Sometimes, nothing seems to work.
No amount of kind reminders, even strategies set up by the teacher to motivate practice.
It's time for DEFCON 5:
- MONEY: set up a jar on top of the piano, every time your sweet child practices for 15 minutes, put in a quarter (or any other combination of time and $). This is a concrete way for a young one to see the results of practice in the form of money ... that they are able to spend on whatever they like. Almost like an allowance, earned through practice.
- TREATS: if candy or other sweets are not usually allowed too often in the household, consider having treats as a reward for x amount of time practiced. Eg) 30 minutes of practice = treat (bite size, full size... you decide!)
- Other Rewards: clothing items, coveted Shopkins - Hot Wheels - Lego - other toys or items that are wanted and you're okay with purchasing before their birthday/Christmas/gift giving holiday. Make sure that the amount of time practiced is equal to what you feel is deserving of the price of the reward! Perhaps your child doesn't fancy toys & items, but values experiences instead: consider these as rewards as well - a family outing to a waterfall, an extra trip to their favourite nature park, etc.
REWARDING THE SELF-DRIVEN STUDENT
Rewarding RCM Exams: usually students who choose to go down the path towards accomplishing an RCM Examination all on their own is unlikely to need too much coaxing to practice using rewards or outside motivators. Due to their awesome drive to succeed, they too should be rewarded for their independent efforts! Surprise them with a gift of some sort for outstanding accomplishments they chose to do all on their own, for achieving a wonderful mark and for their continued dedication towards becoming a self-driven musician :)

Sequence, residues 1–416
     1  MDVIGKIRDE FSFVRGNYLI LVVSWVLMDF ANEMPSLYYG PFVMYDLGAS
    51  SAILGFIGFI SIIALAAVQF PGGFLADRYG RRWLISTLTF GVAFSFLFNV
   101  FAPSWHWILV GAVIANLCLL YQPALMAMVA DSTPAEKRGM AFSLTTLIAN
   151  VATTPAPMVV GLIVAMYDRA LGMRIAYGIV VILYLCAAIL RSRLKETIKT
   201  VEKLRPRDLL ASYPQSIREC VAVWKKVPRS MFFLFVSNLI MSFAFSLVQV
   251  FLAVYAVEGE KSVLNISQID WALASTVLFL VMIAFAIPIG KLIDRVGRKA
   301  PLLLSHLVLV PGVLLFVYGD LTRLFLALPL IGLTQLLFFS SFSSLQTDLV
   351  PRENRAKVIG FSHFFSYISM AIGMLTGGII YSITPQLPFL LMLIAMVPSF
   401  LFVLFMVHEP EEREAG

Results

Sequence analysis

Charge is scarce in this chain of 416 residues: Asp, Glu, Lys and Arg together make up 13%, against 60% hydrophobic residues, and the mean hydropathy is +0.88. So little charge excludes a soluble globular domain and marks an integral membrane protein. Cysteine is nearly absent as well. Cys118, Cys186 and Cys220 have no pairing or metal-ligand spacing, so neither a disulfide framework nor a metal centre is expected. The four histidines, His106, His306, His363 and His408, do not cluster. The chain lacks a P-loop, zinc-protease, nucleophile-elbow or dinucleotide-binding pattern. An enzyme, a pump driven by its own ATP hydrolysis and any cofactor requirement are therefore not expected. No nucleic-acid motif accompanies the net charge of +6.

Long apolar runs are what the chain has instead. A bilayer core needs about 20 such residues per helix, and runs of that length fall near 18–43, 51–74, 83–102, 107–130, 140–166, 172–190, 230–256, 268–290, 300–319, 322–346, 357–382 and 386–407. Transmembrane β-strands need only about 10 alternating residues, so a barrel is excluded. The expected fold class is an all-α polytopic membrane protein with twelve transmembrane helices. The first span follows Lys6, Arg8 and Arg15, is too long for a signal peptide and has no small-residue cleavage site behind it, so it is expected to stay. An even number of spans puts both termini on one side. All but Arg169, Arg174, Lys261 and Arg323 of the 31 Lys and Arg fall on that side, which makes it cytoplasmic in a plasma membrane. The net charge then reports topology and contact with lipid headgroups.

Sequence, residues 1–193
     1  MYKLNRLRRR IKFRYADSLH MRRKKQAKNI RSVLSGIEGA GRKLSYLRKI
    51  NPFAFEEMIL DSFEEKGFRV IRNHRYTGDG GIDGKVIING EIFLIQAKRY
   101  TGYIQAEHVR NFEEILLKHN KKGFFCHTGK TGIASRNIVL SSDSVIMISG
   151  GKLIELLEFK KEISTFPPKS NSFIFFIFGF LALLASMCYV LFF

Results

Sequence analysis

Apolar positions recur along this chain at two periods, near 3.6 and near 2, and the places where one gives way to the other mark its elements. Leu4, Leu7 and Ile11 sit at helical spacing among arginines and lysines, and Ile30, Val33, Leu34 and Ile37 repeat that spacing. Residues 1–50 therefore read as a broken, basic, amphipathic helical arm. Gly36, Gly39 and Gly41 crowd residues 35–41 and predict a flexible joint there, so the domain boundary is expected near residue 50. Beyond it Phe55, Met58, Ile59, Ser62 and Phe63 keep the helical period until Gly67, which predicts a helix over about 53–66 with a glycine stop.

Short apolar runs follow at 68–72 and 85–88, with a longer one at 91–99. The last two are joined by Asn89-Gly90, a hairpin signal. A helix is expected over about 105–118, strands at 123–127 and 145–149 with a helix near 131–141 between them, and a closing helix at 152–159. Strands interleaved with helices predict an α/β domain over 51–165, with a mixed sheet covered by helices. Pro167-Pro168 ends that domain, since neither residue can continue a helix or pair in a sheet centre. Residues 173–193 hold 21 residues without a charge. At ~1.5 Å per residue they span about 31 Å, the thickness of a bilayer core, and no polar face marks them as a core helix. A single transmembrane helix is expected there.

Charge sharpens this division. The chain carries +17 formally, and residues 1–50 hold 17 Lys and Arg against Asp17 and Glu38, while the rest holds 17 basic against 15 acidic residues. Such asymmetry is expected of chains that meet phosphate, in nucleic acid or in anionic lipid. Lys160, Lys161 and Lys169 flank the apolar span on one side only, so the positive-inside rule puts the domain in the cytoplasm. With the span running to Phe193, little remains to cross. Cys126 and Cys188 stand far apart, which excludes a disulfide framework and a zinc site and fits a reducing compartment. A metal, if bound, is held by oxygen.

WORDS OF YES!!
To be fair, I don't only hear words of "____ didn't practice".
There are parents who do report their lovely child practices all on their own without needing to be reminded to do so! These self-driven students are quite amazing, as they know what they are aiming for with goals in mind, very self-sufficient in following weekly notes and accomplishing the small tasks and goals discussed at the previous lesson, and self-motivated to learn more and more!
"_____ is practicing a lot more, and I don't have to remind them at all."
"_____ practiced for over an hour one day!"
"_____ practiced all on their own! Without needing to be told"
"_____ learned a song all by themselves!"
Give these suggestions a try :)
Let me know how they work out for you and the aspiring pianist!